Offering flexible working will also help to retain staff, especially those who may have family commitments. Allowing the opportunity to work at home, or to stagger hours to enable them to drop the kids at school, or look in on an elderly relative can make their lives a lot easier, resulting in less stress for them, and allowing them to concentrate on work during their allocated hours. They are also far more likely to stay loyal to a company that acknowledges that they have a life outside of the office.
Thanks for everything
Recognising your employee contributions is also vital. And it needn’t cost the earth. Just a compliment about someone’s work can be enough – maybe some lovely fancy biscuits by the kettle to say thanks to the team for a job well done? If you can afford a lunch out for the team – great – but grand gestures are not always necessary. If someone has done something to really raise your productivity or made a major sale, a bonus or pay rise may be in order, but it’s amazing how just an acknowledgment of a great idea or creative effort can really boost someone’s mood. As can a chance to advance their career. Offering your staff opportunities to improve themselves and advance within your company will ensure they don’t move on elsewhere.
Not all positions lend themselves to promotion, but that doesn’t mean that you can’t offer training to help people broaden their skillsets. And in order to help them keep up in an ever-changing world, ensure there are opportunities to gain skills in the latest technological advances – social media skills for the marketing team perhaps, as well as training in any new software that you bring on board.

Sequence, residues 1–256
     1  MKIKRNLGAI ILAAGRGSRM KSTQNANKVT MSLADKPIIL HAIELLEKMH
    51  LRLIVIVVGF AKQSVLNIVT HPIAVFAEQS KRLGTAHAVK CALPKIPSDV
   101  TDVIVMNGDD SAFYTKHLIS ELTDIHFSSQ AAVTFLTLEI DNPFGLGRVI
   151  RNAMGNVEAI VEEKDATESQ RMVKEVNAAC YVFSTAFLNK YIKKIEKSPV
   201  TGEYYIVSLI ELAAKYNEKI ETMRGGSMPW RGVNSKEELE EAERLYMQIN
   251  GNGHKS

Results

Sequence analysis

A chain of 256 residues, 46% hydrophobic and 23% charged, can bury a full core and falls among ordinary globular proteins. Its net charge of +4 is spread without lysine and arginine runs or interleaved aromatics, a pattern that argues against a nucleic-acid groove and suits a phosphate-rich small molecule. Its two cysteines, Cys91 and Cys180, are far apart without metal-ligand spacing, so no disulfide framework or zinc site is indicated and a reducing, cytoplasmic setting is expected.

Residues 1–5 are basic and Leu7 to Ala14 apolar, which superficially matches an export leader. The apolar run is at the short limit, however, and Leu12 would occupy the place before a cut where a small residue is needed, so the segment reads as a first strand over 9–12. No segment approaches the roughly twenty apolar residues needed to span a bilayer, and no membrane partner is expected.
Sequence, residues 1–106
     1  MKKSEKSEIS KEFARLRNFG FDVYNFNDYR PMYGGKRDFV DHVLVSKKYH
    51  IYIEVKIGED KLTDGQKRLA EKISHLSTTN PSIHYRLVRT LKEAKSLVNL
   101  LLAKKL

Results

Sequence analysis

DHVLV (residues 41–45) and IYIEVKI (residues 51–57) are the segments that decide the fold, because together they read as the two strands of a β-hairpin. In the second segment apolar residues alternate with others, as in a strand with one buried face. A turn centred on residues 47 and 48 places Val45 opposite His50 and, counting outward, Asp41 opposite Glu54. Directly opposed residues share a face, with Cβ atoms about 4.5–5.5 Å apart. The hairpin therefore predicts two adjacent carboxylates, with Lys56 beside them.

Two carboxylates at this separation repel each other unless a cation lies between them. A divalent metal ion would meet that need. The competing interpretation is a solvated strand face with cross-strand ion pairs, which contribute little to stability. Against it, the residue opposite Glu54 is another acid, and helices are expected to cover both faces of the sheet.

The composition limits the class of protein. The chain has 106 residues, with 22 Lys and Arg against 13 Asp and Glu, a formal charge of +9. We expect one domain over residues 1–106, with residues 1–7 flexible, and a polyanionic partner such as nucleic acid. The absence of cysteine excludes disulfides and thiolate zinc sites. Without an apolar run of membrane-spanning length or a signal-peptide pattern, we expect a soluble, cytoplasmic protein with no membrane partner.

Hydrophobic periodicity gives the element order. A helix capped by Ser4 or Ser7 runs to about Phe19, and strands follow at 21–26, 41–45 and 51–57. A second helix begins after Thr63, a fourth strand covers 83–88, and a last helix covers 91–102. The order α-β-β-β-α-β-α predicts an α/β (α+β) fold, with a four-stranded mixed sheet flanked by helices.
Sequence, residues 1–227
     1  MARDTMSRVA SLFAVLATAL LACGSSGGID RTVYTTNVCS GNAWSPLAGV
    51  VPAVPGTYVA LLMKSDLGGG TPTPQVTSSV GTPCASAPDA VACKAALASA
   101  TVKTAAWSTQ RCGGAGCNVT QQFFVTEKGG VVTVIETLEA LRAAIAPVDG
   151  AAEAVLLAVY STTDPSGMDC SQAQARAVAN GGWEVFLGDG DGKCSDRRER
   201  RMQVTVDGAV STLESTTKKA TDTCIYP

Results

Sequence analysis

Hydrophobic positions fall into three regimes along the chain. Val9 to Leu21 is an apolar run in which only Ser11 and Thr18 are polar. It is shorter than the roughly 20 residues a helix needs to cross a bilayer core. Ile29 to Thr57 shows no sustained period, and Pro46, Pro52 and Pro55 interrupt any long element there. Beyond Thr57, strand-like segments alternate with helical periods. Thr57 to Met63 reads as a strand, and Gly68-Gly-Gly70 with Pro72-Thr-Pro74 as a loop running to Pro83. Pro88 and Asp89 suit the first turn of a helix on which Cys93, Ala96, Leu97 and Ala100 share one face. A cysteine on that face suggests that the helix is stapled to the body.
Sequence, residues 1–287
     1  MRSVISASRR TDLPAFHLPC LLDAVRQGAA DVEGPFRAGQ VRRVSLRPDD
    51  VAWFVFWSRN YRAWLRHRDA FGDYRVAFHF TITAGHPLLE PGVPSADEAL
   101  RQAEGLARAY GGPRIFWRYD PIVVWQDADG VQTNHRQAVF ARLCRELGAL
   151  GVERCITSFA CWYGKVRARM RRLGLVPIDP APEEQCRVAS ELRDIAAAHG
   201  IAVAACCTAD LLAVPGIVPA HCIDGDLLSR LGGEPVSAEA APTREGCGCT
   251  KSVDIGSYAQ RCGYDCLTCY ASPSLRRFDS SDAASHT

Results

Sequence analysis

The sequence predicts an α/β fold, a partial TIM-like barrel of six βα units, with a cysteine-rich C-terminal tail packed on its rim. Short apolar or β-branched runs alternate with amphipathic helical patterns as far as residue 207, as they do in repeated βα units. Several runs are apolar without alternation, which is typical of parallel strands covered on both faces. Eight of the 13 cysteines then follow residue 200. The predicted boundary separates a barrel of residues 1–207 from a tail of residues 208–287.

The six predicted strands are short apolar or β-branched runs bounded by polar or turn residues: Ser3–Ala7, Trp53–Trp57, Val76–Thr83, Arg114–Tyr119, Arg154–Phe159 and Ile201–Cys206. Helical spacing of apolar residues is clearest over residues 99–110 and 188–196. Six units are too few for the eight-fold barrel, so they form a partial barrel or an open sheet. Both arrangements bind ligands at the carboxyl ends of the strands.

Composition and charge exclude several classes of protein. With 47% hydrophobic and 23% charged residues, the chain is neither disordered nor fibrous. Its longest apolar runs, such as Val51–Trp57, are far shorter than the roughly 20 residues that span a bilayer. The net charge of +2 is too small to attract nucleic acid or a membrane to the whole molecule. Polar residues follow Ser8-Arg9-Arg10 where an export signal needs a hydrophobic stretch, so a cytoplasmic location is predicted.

The user experience for your employees should be as good as the user experience for your customers. Think about the processes within your company. How easy is it for new staff to find out how everything works, how they can apply for holidays, or overtime? If a member of staff needs to take maternity leave, how easy is it for them to access the necessary information?
And how easy is the day-to-day experience at work? Is there car parking? If not, how does your company help them to find or pay for a space? Is the commute to your office a nightmare? Could you stagger office hours to make this easier?
These little things can make a big difference to your staff and allow them a better work/life balance – which ultimately is what many of us are looking for.
If you would like to discuss this subject further and how it could help your business, please contact Cecily Lalloo at Embrace HR Limited.
T: 01296 761 288 or contact us here.
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Based in Aylesbury, Buckinghamshire, Embrace HR Limited supports business owners who do not have their own HR department or those that do but need help from time to time. We also work across the Home Counties of Oxfordshire, Bedfordshire and Hertfordshire, and also SMEs based in London.